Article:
“If 50% of our human genome is virus, then we were built on the machinery of viruses. When we damn viruses, we damn the language of life itself. Nature is an adaptive, beautiful machine and when under stress it sends out the call for life to generate more genetic information to counter the stress. Microbes respond first and fastest to the call.”  Dr. Zach Bush


What would our collective intelligence do now as humans living in solidarity with one another and in right relationship to the natural world?

Could it then be wise to moderate our attack of all microorganisms back-to-back—to halt our excessive anti-bacterial and anti-fungal campaigns with synthetic drugs and dangerous chemicals—(the dirty dozen cleaning agents in our homes, the carpet-paint-veneer-wallpaper off-gas in offices, and the glyphosate soil stain in industrial farms) –against all viruses-bacteria-fungi-microorganisms?

Could it be more ecologically correct to still celebrate the diversity of microbial life, walk barefoot on the earth, and breathe deep the nature’s invigorating scent to fill our lungs with now fresher air and members of the microbial kingdom who benefit our health, help us build environmental immunity, and ultimately gift us our lives at great evolutionary pains?

Could one of our greatest defenses now against COVID19 be boosting our immunity with: herbs, like ginger, lemon, and Echinacea; a healthy diet; exercise outdoors; healthy social relations and social bubbles (even if physically distant); and healthy release of the socio-economic stress with familiar human touch?

Could it be essential to our health and wellbeing to physically embrace the soil and earth, breathe in the (now less polluted) air’s natural microbes, drink natural spring water, and cultivate a healthy, balanced internal-external microbiome- macrobiome?

Could it be now critical to learn from the past, embrace the present, and create a new relationship to nature that is sustaining ecologically and economically for all?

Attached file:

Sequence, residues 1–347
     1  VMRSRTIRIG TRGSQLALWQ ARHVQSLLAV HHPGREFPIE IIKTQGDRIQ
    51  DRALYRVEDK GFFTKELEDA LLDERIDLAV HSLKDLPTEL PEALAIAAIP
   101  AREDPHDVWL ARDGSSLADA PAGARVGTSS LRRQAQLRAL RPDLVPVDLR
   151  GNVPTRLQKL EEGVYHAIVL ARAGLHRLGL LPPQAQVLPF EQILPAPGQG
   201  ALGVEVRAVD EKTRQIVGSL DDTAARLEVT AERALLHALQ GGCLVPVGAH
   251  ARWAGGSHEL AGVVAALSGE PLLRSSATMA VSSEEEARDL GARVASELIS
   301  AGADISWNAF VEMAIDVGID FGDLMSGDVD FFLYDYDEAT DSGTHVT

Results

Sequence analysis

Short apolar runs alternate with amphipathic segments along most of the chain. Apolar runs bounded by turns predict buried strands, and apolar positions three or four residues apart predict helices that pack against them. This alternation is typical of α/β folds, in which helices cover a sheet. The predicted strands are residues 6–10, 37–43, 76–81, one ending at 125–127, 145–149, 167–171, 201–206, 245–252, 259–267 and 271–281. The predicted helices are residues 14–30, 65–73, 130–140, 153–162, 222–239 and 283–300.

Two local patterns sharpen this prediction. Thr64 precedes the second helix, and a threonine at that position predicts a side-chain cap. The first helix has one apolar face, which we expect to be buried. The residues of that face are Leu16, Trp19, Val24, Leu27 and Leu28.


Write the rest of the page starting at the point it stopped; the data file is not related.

Well, one thing we know for sure now is our personal health is indeed reflective of our planetary health. The CV19 corona virus has been a great teacher to guide us to this personal-planet proof and ecological truth…and for this I am at least grateful. 

See the Dragonfly on our Ocean Beach Cleaning Day 2020?

Dr. Catherine Cunningham, PhD, Natural Intelligence Media is committed to awakening Natural Intelligence in the World. She produces multimedia content — books, films, and podcasts with her creative companions that aim to inspire everyone, everywhere to live a happy, healthy, naturally intelligent life.

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  • Catherine Cunningham, PhD

    Mission Possible: Awaken Natural Intelligence in Our World

    Natural Intelligence

    Dr. Catherine Cunningham, PhD is an ecologist, anthropologist, writer, filmmaker, and media host producing films, interactive experiences, and online multimedia for international clients who are focused on positive economic, social, and environmental win-win-win solutions to global conservation and climate change.

    Catherine has travelled, written, photographed, and filmed in 70 countries, producing creative films and music videos in support the UN Global Goals and the human+nature planetary health narrative. Visit Natural to see where her work has premiered internationally. Over 20 years, she has interviewed hundreds of global thought leaders to promote sustainable solutions to climate change and conservation in creative ways. Catherine has written numerous articles on climate change, nature, and regeneration. She’s currently writing two books: “Naturally Intelligent by Design” — a fine art science and culture book for families and “Natural Intelligence”— a guidebook for well-navigating a post COVID-19 world by following nature’s principles. Partnering with Eurovision News and Events, Catherine is also an independent media host— producing content on nature, climate, and regeneration; syndicated globally by EuroVision’s News Direct. She is a regular contributor to Thrive Global and Medium. She currently produces communications for the Prince Albert II Foundation and participates in programming @ the World Economic Forum on Climate Change, Nature, and Biodiversity. As an university educator, Catherine taught undergraduate and masters courses in corporate sustainability communications at Arizona State University; global sustainability at Chapman University; biology, ecology, botany, and environmental science at Denver State College and Front Range College. In 2016, she designed one of the first university courses on the 17 Sustainable Development Goals (also online), contributing to youth action on the UN Global Goals. She also created a post-graduate program with UNESCO on the MAB (Man the Biosphere) reserves. Catherine earned her PhD in Ecosystem Science at ETHZ in Switzerland, studying climate impacts on mountain ecosystems. She holds a Bachelor of Science degree in Cultural Anthropology and International Peace Studies from the University of Notre Dame and a Masters degree from Utah State in Ecology. Catherine speaks fluent English and conversational Italian. She loves creative collaboration, media production, mountaineering, outdoor sports, yoga, wellness, and travel.